The first bar association Vince joined was AABANY, and he appreciated both the social and intellectual aspects of the association. He enjoyed the opportunity to learn about different areas of law while also being able to network and meet prominent lawyers. One of his fondest memories of serving as President of AABANY in 2007 was hosting the Annual Dinner because it was a rare event for 500 to 600 AAPI lawyers, including General Counsels and Judges, to all gather in the same room in New York City. This was especially significant because at the time there were at most 400 members in AABANY compared to the 1,500 members AABANY has now.
At AABANY, Vince also played a prominent role in organizing the AABANY Trial Reenactments. With a goal to educate lawyers and the public about the notable trials and cases in U.S. history involving AAPIs, Vince assisted Judge Denny Chin and Kathy Hirata Chin to develop scripts for the productions. Since 2007, Vince has starred as a cast member in numerous reenactments at the annual NAPABA conventions and at other events. He most recently played Fred Korematsu in the “Fred Korematsu and His Fight For Justice” reenactment in November 2019 at the NAPABA convention.
Today, Vince is the first AAPI President of NYCLA, which was the first bar association to admit women and lawyers of color into its membership. He views his role as both an honor and a serious responsibility—an honor because past presidents include esteemed individuals and a responsibility because of his duty to represent AAPIs and serve as a role model. At a time when diversity, equity, and inclusion are at the forefront of many bar associations’ and law firms’ missions, NYCLA plans to be more interactive with young lawyers, especially diverse attorneys, by reaching out to law schools, affinity bar groups, and law firms. Vince also plans for NYCLA to remain relevant on public policy issues and respond to them in a timely manner. He hopes that “taking positions that affect diverse communities will make them notice and realize NYCLA is on their side.”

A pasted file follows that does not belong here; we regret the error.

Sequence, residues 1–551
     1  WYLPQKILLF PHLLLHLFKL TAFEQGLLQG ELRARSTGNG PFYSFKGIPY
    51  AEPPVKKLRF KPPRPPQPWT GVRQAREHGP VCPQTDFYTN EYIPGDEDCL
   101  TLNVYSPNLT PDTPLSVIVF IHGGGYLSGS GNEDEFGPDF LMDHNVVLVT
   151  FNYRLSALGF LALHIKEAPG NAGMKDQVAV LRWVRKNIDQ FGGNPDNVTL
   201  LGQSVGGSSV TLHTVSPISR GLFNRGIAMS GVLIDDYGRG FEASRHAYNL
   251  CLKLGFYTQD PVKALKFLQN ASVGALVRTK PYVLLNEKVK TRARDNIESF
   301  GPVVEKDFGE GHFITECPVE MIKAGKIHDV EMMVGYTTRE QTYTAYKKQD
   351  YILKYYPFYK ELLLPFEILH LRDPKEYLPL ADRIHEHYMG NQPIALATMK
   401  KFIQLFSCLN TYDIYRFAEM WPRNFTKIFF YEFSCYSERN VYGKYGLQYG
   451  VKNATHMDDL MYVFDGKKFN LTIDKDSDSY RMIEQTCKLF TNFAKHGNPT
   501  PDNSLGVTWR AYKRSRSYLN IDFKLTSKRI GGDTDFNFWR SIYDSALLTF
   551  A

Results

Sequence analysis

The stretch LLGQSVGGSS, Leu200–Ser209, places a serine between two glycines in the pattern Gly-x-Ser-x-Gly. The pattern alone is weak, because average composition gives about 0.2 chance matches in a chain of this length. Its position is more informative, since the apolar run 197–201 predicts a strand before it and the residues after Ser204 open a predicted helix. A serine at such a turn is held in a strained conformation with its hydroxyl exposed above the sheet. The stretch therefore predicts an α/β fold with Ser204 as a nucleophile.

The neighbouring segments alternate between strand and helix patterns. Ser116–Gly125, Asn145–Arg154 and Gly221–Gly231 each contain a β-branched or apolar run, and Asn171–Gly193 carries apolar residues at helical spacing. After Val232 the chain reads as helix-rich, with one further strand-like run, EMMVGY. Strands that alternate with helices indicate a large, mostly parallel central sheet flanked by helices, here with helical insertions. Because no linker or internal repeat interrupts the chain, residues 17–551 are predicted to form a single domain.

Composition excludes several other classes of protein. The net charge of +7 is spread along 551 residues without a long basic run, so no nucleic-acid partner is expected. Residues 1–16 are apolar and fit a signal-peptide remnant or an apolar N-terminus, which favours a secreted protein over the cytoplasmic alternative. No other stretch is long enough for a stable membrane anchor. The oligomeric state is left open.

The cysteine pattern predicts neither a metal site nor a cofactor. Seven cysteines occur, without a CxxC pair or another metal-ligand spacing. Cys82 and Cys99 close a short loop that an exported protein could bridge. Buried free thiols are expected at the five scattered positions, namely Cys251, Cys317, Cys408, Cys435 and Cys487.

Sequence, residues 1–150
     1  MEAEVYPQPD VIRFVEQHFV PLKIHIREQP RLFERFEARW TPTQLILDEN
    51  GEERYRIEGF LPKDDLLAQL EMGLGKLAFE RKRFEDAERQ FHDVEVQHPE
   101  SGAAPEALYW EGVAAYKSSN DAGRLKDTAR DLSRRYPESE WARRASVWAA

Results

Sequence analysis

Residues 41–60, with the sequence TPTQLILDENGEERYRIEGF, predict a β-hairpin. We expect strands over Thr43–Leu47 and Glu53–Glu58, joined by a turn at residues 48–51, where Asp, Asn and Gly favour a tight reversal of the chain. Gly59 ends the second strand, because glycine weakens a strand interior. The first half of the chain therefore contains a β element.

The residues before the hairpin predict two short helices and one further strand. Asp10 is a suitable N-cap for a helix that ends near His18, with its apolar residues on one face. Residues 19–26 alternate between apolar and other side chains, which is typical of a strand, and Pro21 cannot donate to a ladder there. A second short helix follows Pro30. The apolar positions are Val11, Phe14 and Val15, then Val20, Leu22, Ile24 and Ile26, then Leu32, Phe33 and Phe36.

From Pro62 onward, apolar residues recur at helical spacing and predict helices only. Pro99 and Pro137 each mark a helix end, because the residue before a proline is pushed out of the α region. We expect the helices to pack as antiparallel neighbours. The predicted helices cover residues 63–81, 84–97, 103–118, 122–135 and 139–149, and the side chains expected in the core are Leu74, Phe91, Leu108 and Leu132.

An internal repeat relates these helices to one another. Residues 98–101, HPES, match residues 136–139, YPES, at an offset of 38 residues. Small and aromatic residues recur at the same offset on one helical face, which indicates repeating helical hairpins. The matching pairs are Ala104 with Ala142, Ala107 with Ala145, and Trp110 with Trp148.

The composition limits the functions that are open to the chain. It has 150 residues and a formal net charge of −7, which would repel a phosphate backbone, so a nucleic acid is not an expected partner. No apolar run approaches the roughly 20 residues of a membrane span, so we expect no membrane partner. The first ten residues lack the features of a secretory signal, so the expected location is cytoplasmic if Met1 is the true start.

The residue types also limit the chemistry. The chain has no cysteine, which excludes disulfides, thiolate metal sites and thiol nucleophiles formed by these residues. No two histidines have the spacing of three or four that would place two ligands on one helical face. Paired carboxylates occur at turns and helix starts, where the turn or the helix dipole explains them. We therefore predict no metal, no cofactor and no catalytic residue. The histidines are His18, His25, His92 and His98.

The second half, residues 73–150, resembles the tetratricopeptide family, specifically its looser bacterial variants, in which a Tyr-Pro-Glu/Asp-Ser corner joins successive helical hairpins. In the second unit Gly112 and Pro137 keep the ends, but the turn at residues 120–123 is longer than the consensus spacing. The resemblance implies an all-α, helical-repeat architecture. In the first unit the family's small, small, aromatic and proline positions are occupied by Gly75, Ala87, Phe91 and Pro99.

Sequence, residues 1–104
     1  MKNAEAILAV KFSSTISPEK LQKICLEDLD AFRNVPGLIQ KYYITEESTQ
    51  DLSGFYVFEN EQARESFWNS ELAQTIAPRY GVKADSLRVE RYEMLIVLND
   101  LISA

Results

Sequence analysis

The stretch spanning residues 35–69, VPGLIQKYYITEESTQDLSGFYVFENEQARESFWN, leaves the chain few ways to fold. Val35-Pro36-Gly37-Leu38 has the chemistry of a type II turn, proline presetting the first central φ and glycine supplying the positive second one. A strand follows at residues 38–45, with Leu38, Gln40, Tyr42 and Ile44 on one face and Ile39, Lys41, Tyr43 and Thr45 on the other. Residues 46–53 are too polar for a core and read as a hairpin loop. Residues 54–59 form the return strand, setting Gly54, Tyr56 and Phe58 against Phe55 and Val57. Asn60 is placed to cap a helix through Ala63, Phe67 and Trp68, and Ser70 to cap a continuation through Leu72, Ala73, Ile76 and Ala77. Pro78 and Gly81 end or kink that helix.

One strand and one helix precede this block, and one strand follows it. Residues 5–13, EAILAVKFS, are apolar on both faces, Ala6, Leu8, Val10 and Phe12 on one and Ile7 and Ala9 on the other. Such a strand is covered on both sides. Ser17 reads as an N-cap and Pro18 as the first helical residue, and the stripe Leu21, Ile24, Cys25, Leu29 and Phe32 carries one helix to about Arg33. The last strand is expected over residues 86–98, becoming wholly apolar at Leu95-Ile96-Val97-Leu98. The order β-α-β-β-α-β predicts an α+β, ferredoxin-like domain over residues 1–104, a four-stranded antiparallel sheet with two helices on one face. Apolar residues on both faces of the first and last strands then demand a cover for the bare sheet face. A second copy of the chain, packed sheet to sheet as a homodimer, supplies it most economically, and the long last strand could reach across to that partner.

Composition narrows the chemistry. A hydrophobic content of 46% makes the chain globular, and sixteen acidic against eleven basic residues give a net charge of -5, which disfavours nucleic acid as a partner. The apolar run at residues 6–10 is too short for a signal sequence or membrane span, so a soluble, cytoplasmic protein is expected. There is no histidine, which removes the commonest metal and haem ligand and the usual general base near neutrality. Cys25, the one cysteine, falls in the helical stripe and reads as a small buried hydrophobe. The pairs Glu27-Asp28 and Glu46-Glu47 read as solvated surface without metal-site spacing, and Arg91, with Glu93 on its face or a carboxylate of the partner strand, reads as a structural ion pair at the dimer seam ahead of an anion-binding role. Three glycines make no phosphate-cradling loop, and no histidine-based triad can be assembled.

A common theme of Vince’s work is the pursuit of justice to not only improve the legal profession, but to also improve the quality of legal representation for individuals in the community. He has served on the American Bar Association’s Standing Committee on the Federal Judiciary to review federal judicial nominees; sat on a NYCLA panel at a public hearing to address the impact of budget cuts on the Judiciary; served on the Disciplinary Committee for the First Department to prosecute disciplinary complaints against lawyers in Manhattan; and worked on other initiatives to minimize the justice gap. Vince plans to continue working on this at NYCLA as “access to justice is a hallmark of what bar associations and NYCLA are aiming for.” One program NYCLA has planned is to support attorneys who represent indigent persons through the Assigned Counsel Plan (18b). Under the proposed program, by increasing the rate at which assigned counsel are paid, there will hopefully be an increase of lawyers interested in doing 18b work, which will further decrease the access-to-justice gap. NYCLA also hopes to revive their Special Masters Program to provide an opportunity for young attorneys to gain experience working with the court system, and to close the gap between court workload and staff gap. At NYCLA’s AAPI Heritage Month Celebration on June 2nd, Vince vowed to continue to uphold NYCLA’s focus on sustaining the rule of law including the importance of practicing diversity, equity and inclusion in furtherance of fairness and justice for all.